“Threatened” Listing for Northern Long-Eared Bats Endangered by District Court Decision: What You Need to Know

Locke Lord LLP
Contact

Locke Lord LLP

On January 28, the D.C. District Court issued a significant decision in litigation brought by a group of environmental organizations challenging the U.S. Fish and Wildlife Service’s (“FWS”) 2015 listing of the northern long-eared bat (“NLEB”) as “threatened” under the federal Endangered Species Act (“ESA”) (Center for Biological Diversity, et al. v. Everson, et al., and Defenders of Wildlife et al. v. Everson, et al.).  The court’s decision will come as an unwelcome surprise to the energy industry and other commercial interests, as it held that the FWS’s decision to list the northern long-eared bat as “threatened” rather than “endangered” was arbitrary and capricious, and remanded the listing decision to the FWS for a new determination on the species’ status.  While the court did not vacate the threatened listing, thereby leaving the status quo in effect for now, the decision may yet have significant implications for developers of energy and infrastructure projects throughout the NLEB’s 37-state range in both the near and long-term. 

Relevant Aspects of the ESA 
The ESA provides for two distinct classifications for species that the FWS determines qualify for protection under the statute: endangered and threatened.  A species is considered endangered if it is “in danger of extinction throughout all or a significant portion of its range.”  A species is considered threatened if it “is likely to become endangered within the foreseeable future throughout all or a significant portion of its range.”  Species listed as endangered receive broad protection from “take” under Section 9 of the ESA, meaning killing, harming or harassing individuals of the species, among other things.  

The ESA requires the FWS to make its determination whether to list a species, and if so whether to classify it as endangered or threatened, “solely on the basis of the best scientific and commercial data available.”  Species listed as threatened are not entitled by statute to the protections against take contained in Section 9, but Section 4(d) of the ESA allows the FWS to adopt “special take rules” extending the Section 9 take prohibition to threatened species.  Until the recent revisions to its ESA regulations adopted in September 2019, the FWS had in place a “blanket” 4(d) rule that automatically extended the Section 9 take prohibition to all species listed as threatened, and would issue species-specific 4(d) rules to lift the prohibition against “incidental take” of a species in certain situations.

What’s the Case About?
The northern long-eared bat is a small bat with a range that extends across 37 states, the District of Columbia, and all Canadian provinces.  Despite its extensive range, NLEB populations have dropped precipitously since 2006 when a fungal disease known as white-nose syndrome (“WNS”) first emerged.  WNS infects NLEB and many other species of bats while they hibernate in caves and causes widespread mortality among the bat colonies.  The devastating effects on NLEB populations and rapid spread of the disease prompted the Center for Biological Diversity (”CBD”) to petition the FWS to list NLEB under the ESA in 2010.  In October 2013, in response to that petition, the FWS issued a proposed rule to list the NLEB as endangered.  In January 2015, the FWS issued an interim 4(d) rule for the NLEB in anticipation of a potential threatened listing.  The interim 4(d) rule authorized incidental take of NLEB from only a few very narrow categories of activities.  In April 2015 the FWS issued its final rule listing the NLEB as threatened rather than endangered.  Suddenly, a wide variety of energy and infrastructure projects throughout the Midwest and Northeast such as wind farms, installation of new pipeline and transmission lines, and real estate development presented a risk of incidental take due to direct mortality of NLEB or indirectly through clearing of occupied habitat.  This required project developers to pursue or consider pursuing incidental take permits under Section 10 of the ESA, a process which takes multiple years and can easily run into the millions of dollars for surveys, permitting costs, and necessary avoidance, minimization and mitigation measures.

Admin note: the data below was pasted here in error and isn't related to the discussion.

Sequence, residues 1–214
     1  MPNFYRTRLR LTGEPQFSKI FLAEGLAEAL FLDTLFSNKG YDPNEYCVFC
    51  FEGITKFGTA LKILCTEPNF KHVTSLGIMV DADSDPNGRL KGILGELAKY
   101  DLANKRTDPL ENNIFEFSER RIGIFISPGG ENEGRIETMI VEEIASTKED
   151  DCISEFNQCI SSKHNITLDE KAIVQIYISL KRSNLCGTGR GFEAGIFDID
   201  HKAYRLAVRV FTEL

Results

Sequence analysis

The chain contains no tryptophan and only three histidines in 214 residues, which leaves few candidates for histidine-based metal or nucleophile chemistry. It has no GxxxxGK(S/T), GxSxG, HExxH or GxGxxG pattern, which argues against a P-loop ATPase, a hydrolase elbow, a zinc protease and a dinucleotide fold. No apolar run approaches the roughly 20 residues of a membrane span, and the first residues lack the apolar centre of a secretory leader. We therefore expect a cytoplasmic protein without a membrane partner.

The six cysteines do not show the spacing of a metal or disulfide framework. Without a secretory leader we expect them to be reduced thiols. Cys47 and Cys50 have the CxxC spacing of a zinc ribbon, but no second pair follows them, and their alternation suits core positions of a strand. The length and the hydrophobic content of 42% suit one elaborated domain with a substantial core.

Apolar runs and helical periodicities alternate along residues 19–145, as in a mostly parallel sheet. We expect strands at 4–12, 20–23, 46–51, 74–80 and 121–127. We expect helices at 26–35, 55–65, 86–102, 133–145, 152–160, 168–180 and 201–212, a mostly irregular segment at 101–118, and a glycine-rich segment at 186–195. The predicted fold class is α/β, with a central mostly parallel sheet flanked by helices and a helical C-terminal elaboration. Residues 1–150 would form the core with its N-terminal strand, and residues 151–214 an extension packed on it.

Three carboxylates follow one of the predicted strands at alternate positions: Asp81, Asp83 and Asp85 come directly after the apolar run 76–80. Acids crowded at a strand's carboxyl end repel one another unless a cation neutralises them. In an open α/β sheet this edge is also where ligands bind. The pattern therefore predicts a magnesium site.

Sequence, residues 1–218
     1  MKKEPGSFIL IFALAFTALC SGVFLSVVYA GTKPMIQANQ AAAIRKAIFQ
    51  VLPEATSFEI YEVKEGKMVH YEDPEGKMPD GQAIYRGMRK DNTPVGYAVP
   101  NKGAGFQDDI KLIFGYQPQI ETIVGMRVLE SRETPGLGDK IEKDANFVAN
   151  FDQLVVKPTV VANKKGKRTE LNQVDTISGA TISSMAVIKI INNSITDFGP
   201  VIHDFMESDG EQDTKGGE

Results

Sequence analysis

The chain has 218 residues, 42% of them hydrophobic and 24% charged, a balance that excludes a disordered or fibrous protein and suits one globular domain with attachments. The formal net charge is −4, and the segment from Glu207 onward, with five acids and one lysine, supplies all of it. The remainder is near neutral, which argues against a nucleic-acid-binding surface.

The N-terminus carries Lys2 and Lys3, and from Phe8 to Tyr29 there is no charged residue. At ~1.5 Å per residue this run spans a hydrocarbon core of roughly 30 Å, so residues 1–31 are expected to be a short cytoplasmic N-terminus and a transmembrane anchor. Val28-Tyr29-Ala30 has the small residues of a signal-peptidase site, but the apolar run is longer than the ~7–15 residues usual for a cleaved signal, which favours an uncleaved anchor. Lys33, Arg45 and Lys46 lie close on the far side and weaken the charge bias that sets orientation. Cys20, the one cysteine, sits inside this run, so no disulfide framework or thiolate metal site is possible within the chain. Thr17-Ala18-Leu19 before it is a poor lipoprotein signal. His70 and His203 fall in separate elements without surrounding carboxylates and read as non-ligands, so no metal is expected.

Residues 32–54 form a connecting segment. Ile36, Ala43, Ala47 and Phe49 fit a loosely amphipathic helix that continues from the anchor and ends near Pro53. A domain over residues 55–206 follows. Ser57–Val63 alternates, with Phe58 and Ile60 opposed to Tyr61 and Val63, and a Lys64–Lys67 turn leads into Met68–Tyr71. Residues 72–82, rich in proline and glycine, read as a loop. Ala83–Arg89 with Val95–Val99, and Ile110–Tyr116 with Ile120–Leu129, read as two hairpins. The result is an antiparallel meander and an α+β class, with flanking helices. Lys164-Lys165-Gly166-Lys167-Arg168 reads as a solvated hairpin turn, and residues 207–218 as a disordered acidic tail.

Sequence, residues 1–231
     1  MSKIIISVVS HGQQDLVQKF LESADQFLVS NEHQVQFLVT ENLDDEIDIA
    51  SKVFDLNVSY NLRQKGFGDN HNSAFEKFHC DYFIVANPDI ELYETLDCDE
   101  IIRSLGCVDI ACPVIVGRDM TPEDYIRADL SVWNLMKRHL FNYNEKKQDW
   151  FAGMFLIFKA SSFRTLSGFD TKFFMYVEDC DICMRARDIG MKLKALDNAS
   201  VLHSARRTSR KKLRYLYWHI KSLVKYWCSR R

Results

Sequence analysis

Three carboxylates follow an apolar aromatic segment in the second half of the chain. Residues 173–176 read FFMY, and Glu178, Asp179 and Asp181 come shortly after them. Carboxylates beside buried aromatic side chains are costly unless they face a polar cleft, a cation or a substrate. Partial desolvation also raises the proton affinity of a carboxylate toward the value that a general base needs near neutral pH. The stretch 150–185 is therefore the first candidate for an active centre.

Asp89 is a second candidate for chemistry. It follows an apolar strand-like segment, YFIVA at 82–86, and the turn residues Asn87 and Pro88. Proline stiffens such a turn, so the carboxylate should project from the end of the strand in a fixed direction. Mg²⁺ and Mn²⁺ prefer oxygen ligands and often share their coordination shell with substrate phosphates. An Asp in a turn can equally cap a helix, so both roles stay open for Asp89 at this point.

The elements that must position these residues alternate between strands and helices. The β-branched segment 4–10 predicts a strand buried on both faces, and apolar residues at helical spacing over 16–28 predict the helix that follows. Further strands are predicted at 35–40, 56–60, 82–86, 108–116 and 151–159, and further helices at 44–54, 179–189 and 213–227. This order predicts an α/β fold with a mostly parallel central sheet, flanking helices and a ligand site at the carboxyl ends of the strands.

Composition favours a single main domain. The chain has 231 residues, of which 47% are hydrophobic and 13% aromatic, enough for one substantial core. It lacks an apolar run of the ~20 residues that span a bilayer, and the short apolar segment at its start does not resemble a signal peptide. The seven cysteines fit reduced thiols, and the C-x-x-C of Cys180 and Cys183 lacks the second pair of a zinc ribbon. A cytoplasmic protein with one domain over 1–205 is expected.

In January 2016, less than a year after listing the NLEB as threatened with the interim 4(d) rule, the FWS issued a much broader 4(d) rule that significantly limited the applicability of the ESA’s take prohibition to the species.  The new rule was based largely on the rationale that WNS, and not take of individuals or habitat due to commercial or industrial development, was the primary cause for the species’ decline.  Under the broader 4(d) rule, which remains in effect today, incidental take of NLEB is not prohibited except within areas designated as the “WNS zone,” which consists of all counties in which WNS has been detected plus a 150-mile buffer around each county on the perimeter of the zone.  Within the WNS zone, incidental take is only prohibited from activities occurring within a NLEB hibernaculum (or that could alter the entrance to or conditions within a hibernaculum), or activities taking place during the pup season (June 1 through July 31) that involve cutting or destroying a known maternity roost tree, or removal of trees within 150 feet of a known maternity roost tree or a quarter-mile radius of a hibernaculum.